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NIST Looking for Additional PQC Digital Signature Schemes

Cyber security

Insider Brief

  • NIST — The National Institute of Standards and Technology — seeks more digital signature schemes for its post-quantum cryptography — PQC — standardization process.
  • Key-encapsulation mechanisms (KEMs) still under consideration: BIKE, Classic McEliece, HQC and SIKE.
  • NIST must receive application packages by June 1, 2023.

The National Institute of Standards and Technology announced that it is continuing its search for additional digital signature schemes to be considered in the post-quantum cryptography — PQC — standardization process.

NIST said in a release that it is continuing this fourth round with the following key-encapsulation mechanisms (KEMs) still under consideration: BIKE, Classic McEliece, HQC and SIKE. The officials added NIST is requesting additional proposals for the PQC standardization process because there are no remaining digital signature candidates under consideration.

Submission packages must be received by NIST by June 1, 2023.

The release stated: “NIST is primarily interested in additional general-purpose signature schemes that are not based on structured lattices. For certain applications, such as certificate transparency, NIST may also be interested in signature schemes that have short signatures and fast verification. NIST is open to receiving additional submissions based on structured lattices but is intent on diversifying the post-quantum signature standards.  As such, any structured lattice-based signature proposal needs to significantly outperform CRYSTALS-Dilithium and FALCON in relevant applications and ensure substantial security properties in order to be considered for standardization.”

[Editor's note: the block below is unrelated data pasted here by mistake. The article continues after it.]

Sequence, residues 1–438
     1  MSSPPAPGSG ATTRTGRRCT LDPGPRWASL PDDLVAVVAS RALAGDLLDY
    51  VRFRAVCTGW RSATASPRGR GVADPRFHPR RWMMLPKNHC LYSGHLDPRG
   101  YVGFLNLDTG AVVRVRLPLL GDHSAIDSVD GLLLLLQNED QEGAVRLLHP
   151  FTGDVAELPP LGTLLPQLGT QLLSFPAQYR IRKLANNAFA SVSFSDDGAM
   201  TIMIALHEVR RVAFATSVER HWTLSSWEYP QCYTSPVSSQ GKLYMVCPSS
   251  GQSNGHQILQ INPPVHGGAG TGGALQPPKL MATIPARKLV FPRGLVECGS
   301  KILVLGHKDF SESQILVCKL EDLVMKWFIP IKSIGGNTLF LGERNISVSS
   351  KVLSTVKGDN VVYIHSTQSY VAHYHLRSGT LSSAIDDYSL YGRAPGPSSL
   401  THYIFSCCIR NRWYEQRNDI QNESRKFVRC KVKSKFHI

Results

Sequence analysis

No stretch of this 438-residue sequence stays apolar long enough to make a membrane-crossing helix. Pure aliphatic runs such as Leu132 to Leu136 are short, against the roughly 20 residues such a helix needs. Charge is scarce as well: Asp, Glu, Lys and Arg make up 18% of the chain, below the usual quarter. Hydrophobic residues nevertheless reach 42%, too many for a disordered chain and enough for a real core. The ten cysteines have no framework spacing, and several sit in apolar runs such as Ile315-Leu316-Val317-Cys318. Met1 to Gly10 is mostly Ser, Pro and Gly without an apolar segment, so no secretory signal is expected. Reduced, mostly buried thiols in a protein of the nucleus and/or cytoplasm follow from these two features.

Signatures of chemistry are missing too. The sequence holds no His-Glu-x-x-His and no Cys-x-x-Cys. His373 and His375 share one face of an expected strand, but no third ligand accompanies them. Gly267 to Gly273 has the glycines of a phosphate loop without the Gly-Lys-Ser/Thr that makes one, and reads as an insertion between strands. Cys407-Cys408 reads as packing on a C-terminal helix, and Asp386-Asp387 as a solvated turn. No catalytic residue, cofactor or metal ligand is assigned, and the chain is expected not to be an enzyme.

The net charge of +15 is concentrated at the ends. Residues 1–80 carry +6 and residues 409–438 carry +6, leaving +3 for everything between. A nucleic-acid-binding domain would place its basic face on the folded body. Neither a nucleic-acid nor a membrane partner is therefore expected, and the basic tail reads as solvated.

NIST selected its first four PQC algorithms in July. That announcement signaled a major advance in the six-year effort managed by NIST that called upon the world’s cryptographers to devise and then vet encryption methods that could resist an attack from a future quantum computer.

To submit a candidate package, including the minimal acceptability requirements, go to the PQC: Digital Signature Schemes project page.

The finalized evaluation criteria that will be used to assess the submissions are also posted at the same website.

Submission packages received before March 1, 2023, will be reviewed for completeness by NIST; the submitters will be notified of any deficiencies by March 31, 2023, allowing time for deficient packages to be amended by the submission deadline. No amendments to packages will be permitted after the submission deadline, except at specified times during the evaluation phase .

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Matt Swayne

With a several-decades long background in journalism and communications, Matt Swayne has worked as a science communicator for an R1 university for more than 12 years, specializing in translating high tech and deep tech for the general audience. He has served as a writer, editor and analyst at The Quantum Insider since its inception. In addition to his service as a science communicator, Matt also develops courses to improve the media and communications skills of scientists and has taught courses. [email protected]

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The Future of Materials Discovery: Reducing R&D Costs significantly with GenMat’s AI and Machine Learning Tools

When: July 13, 2023 at 11:30am

What: GenMat Webinar

Jake Vikoren

Jake Vikoren

Company Speaker

Deep Prasad

Deep Prasad

Company Speaker

Araceli Venegas

Araceli Venegas

Company Speaker

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